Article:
Estimated 114,000 in State have had long Covid or will in future – research

HSE slow to acknowledge ‘hidden iceberg of long-term illness’, Dáil told

Common symptoms of long Covid include fatigue, shortness of breath and cognitive dysfunction. Photograph: iStock

Common symptoms of long Covid include fatigue, shortness of breath and cognitive dysfunction. Photograph: iStock

 

Research conducted by the Oireachtas estimates that 114,000 people in Ireland have had long Covid or will experience it in the future.

The research, carried out by the Oireachtas Library and Research Service at the request of Independent TD Denis Naughten, was based on the World Health Organisation definition of long-term Covid, or post Covid-19 condition.

Under that definition, it occurs in individuals with Sars-CoV-2 infection three months from the onset of Covid-19, or with symptoms that last for at least two months and cannot be explained by an alternative diagnosis.

According to the research, the lower end estimates suggest a long Covid incidence rate of 10 per cent of all those who have contracted the disease.

Using this level, and applying it to all available data until January 22nd, it estimated that the number of people in Ireland who have the condition, or will develop symptoms, was 114,000.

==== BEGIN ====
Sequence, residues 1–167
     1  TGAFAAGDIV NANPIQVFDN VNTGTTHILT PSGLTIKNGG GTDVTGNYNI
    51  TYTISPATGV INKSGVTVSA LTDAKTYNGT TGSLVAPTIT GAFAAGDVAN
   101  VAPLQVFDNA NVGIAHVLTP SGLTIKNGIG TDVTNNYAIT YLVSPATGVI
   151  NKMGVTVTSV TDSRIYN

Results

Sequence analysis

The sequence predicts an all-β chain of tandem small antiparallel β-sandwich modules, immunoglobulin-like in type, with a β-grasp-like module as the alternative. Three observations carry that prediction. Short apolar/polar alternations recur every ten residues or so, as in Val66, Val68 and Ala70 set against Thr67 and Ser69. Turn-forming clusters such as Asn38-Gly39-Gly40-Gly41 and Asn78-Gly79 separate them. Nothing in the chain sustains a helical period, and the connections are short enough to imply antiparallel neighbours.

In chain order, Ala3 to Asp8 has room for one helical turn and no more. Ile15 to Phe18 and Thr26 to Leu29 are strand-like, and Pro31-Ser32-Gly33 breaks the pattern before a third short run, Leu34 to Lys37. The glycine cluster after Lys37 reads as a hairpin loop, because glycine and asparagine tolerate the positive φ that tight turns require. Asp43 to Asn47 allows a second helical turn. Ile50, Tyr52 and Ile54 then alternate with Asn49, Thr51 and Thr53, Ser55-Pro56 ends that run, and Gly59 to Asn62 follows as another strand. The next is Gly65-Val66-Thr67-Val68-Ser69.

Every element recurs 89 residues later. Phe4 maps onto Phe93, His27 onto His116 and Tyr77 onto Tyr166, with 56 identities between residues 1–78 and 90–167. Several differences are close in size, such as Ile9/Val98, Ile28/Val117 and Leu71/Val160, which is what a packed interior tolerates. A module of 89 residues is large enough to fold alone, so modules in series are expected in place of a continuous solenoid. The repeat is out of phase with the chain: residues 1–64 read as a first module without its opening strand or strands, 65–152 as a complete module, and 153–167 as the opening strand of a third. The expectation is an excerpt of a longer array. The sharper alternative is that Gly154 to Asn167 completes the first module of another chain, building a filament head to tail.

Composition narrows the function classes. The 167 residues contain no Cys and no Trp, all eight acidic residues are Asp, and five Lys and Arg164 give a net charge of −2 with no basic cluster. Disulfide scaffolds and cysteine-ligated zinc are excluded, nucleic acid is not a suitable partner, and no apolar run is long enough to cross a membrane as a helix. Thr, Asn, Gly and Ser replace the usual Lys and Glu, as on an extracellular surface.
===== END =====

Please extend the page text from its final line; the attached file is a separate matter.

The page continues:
Common symptoms of long Covid include fatigue, shortness of breath and cognitive dysfunction. Symptoms may also fluctuate or relapse over time.

These effects appear to occur irrespective of the initial severity of infection but occur more frequently in women, middle-aged people and in those with more symptoms initially.

Mr Naughten said long Covid was a “hidden iceberg of long-term illness and the HSE has been slow to acknowledge it”. He said he did not get a sense of urgency within the HSE in terms of tackling the condition.

He told the Dáil that not all of those affected would need to access disability or illness payments, but said the potential exposure of the State could be €925 million in illness benefit if all those affected applied for it.

‘Uncertainty’

In reply, Minister of State Mary Butler told Mr Naughten that Covid-19 was a new disease. She said while the majority of people who get it do recover, there was a minority who went on to develop ongoing symptoms.

“There is a lot of uncertainty in the international literature about how many people experience ongoing difficulties so it is extremely difficult to estimate the scale of it,” she said.

She said a working group had been set up to facilitate special long Covid clinics throughout the State, as well as specialists in this condition. The group would conclude its work over the next four weeks, she said.

Research on long Covid is still evolving. The 10 per cent figure quoted by the Oireachtas was suggested by a team led by Prof T Greenhalgh (published in the British Medical Journal in 2020) and quoted by the HSE in research it conducted last year. Another study conducted by Oxford University (and based on US cases) estimated that 37 per cent of people experienced at least one Covid-19 symptom in the three-to-six month period after Covid-19 infection.